Creating Accessible Courses
Creating Accessible Course Material
Atomic Learning Tutorials
Note: You must log in to my.sjfc.edu to use the below resources.
A Digitally Accessible Campus - This online workshop walks users through the basics of accessibility. It begins by covering the reasoning behind creating accessible materials in addition to legal issues. Participants taking advantage of this workshop will also see examples of what accessible materials look like and learn about the individuals who benefit from them the most. Finally, common tools that individuals with disabilities may use to access materials will be discussed along with tips on what you can do to make sure your materials are accessible.
Creating Accessible Documents in Office 2013 Training - Creating an accessible document for learners of all abilities is important. This online training series demonstrates several ways to enhance the accessibility of your Microsoft® Office 2013 documents - from text and paragraph formatting options to running the accessibility check. You'll learn how these features are readily available in this suite of applications.
Creating Accessible Content [pdf] - Created to assist faculty/staff with creating accessible content for the web. Many different resources were used to gather the information presented within this document.
Best Practices for Video Tutorials - Geared toward creating accessible video content for Lavery Library, but can be adapted to work for any faculty creating webcasts of lecture material for online and hybrid classes.
Kari L. Kumar. Accessible by design: Applying UDL principles in a first year undergraduate course. University of Manitoba
This article is available on the library website. It is an interesting article that implemented the UDL design in a first-year course.
Hollins, N. & Foley, A. R. (2013, August). The experiences of students with learning disabilities in a higher education virtual campus. Educational Technology Research & Development, 61 (4), 607-624. DOI: 10.1007/s11423-013-9302-9
The nature of college is changing, so it is important to consider virtual accessibility as we do with classes in a physical environment. The article questions whether classroom accommodations can be transferred to an online environment. The small exploratory study interviewed 16 participants who were college students who acknowledged that they had learning disabilities and they also used accommodations. The researchers identified features of their virtual campus that helped participants to be successful or not successful. The researchers provide a list of suggestions and strategies.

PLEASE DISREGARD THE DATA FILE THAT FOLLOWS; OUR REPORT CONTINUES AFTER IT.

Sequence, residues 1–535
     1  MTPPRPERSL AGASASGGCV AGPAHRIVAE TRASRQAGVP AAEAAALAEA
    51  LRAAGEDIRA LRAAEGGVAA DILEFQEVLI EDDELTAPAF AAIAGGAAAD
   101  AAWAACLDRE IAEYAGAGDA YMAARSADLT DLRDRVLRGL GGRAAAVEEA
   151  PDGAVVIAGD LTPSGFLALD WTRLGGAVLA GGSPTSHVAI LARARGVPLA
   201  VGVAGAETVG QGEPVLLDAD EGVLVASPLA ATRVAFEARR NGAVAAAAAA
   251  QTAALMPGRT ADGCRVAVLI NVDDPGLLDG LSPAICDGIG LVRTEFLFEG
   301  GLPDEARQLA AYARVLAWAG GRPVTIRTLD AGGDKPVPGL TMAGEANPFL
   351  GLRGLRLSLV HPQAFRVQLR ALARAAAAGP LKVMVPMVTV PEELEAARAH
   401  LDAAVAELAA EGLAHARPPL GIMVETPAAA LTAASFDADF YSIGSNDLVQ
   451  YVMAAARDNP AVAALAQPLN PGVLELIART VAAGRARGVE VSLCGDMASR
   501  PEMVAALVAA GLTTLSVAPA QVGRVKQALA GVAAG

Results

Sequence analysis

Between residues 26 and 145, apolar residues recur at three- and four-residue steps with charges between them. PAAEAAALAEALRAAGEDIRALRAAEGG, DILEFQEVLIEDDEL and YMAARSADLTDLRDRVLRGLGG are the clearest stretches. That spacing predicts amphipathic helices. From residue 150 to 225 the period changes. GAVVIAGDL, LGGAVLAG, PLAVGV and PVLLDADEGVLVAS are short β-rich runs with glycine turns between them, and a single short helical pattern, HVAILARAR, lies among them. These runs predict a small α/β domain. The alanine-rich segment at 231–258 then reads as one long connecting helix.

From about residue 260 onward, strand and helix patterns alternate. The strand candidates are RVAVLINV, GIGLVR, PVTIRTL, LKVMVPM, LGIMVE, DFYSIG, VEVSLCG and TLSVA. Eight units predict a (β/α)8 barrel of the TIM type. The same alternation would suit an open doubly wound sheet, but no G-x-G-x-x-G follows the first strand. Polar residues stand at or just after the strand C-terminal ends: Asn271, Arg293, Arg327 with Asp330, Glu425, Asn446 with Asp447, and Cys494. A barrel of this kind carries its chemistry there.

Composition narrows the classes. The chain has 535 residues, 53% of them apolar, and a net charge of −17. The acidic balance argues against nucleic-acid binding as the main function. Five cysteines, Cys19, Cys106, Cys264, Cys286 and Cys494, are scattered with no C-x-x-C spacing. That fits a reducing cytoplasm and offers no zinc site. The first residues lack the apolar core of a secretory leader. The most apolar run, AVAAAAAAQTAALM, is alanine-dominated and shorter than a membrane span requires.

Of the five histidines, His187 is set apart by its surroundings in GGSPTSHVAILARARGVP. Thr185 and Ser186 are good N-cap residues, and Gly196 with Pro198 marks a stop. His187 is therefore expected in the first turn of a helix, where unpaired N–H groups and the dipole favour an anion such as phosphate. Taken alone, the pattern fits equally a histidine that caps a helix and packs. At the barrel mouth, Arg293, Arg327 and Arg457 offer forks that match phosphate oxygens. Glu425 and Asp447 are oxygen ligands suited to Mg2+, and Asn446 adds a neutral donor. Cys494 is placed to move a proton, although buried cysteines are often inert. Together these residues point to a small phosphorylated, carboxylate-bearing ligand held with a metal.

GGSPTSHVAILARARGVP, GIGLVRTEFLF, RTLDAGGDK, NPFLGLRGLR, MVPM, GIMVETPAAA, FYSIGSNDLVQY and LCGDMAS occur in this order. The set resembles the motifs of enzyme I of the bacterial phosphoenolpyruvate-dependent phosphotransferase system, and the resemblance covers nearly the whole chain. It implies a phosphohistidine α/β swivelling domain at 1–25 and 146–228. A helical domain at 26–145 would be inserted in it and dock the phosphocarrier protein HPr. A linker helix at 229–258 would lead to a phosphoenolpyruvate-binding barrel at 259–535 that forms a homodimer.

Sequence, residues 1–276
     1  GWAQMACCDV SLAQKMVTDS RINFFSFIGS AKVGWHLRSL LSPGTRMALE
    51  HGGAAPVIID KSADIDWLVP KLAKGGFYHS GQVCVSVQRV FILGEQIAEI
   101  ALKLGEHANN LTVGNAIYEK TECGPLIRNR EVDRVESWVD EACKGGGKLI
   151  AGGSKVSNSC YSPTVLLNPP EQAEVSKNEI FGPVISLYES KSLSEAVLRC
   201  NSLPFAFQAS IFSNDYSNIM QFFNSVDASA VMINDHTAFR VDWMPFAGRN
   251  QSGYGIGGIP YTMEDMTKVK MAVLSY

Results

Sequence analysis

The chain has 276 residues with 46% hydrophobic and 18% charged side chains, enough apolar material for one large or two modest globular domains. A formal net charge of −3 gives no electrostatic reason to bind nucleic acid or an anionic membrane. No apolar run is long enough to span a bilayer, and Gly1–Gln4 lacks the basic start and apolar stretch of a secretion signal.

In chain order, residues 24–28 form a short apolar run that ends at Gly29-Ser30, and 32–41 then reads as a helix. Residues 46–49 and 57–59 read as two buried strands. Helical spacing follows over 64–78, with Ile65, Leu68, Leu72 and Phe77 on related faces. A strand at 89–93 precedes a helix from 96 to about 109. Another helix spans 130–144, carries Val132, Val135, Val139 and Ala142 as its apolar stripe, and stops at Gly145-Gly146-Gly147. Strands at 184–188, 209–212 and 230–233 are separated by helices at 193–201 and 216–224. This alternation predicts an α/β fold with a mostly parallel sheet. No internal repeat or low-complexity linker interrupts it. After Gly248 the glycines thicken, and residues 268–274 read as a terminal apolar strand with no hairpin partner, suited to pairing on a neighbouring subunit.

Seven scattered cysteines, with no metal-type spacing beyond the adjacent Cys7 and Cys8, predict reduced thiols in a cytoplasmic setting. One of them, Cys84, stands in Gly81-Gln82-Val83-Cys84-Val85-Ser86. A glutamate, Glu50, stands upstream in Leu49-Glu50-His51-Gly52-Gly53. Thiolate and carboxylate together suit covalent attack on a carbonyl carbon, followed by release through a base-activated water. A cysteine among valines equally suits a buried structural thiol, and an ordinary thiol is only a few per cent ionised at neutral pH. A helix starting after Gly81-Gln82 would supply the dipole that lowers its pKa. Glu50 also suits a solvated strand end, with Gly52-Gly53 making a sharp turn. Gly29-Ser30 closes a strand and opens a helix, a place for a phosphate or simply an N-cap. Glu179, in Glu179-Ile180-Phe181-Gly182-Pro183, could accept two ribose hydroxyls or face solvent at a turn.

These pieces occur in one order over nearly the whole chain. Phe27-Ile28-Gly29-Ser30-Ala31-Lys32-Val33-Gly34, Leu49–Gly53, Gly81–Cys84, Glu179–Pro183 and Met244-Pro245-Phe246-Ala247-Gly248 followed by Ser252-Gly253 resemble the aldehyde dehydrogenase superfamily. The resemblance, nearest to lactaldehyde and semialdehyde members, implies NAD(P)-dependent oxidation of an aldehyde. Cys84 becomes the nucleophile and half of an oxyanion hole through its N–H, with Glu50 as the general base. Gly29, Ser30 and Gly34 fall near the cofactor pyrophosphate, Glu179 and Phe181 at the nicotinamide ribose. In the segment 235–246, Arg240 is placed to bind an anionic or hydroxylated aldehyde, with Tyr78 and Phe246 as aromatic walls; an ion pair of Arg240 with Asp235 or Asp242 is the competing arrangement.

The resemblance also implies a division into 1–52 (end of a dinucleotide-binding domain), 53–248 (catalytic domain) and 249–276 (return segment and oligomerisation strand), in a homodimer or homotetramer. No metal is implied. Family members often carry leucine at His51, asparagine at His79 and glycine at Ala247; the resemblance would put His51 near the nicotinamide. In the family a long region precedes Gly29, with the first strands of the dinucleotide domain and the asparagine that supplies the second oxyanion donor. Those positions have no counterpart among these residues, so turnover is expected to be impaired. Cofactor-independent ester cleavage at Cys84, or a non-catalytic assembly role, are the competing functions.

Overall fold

As faculty, we have a legal obligation to create courses with content accessible to all students. The following are some online articles related to this legal duty:
College Students and Disability Law - This article discusses the different laws that need to be taken into account when working with students with disabilities and offers guidelines for higher education practitioners.
Online Accessibility a Faculty Duty - This article explains how working with students with disabilities in online courses requires professors to be proactive in contrast to working with in-seat students.
A Case for Accessible, Usable and Universal Design for Learning - This article explains the benefits of using Universal Design for all students.
Universal Design is an approach that designs course materials to be accessible to all students, regardless of their ability or disability. This approach is most efficiently used when creating material for new courses, but it is a great approach when revising or updating course material. The Universal Design approach meets all legal obligations of faculty and is relatively easy to follow using the principles and guidelines provided in the article below.
Websites to Support Faculty and Students
The following organizations support faculty of college students with disabilities as well as students with disabilities themselves.
HEATH Resource Center at the National Youth Transition Center - This site is a web-based national clearinghouse that serves as an information exchange of educational resources, support services, and opportunities for postsecondary education for students with disabilities. The HEATH Resource Center gathers, develops, and disseminates information in the form of resource papers, fact sheets, website directories, newsletters, and resource materials. The site provides resources for students, parents, and high school and college teachers.
AHEAD (Association on Higher Education and Disability) - AHEAD is a professional membership organization for individuals involved in the development of policy and in the provision of quality services to meet the needs of persons with disabilities involved in all areas of higher education. Under the Learn tab, there is information and resources for students and parents.
DO-IT (Disabilities, Opportunities, Internetworking, and Technology) Center - Promotes the success of individuals with disabilities in postsecondary education careers, using technology as an empowering tool.